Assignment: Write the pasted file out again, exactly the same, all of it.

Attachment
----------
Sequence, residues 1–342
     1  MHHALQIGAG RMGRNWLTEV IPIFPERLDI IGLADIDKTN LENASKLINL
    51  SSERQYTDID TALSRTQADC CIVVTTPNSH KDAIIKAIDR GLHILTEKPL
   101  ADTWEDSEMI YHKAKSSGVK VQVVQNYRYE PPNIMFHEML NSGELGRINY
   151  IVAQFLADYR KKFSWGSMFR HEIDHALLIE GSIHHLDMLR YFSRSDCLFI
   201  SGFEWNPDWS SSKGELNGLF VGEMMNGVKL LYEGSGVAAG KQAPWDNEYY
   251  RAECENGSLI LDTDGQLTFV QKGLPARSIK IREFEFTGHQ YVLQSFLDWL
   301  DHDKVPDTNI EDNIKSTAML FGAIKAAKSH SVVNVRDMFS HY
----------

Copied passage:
Sequence, residues 1–342
     1  MHHALQIGAG RMGRNWLTEV IPIFPERLDI IGLADIDKTN LENASKLINL
    51  SSERQYTDID TALSRTQADC CIVVTTPNSH KDAIIKAIDR GLHILTEKPL
   101  ADTWEDSEMI YHKAKSSGVK VQVVQNYRYE PPNIMFHEML NSGELGRINY
   151  IVAQFLADYR KKFSWGSMFR HEIDHALLIE GSIHHLDMLR YFSRSDCLFI
   201  SGFEWNPDWS SSKGELNGLF VGEMMNGVKL LYEGSGVAAG KQAPWDNEYY
   251  RAECENGSLI LDTDGQLTFV QKGLPARSIK IREFEFTGHQ YVLQSFLDWL
   301  DHDKVPDTNI EDNIKSTAML FGAIKAAKSH SVVNVRDMFS HY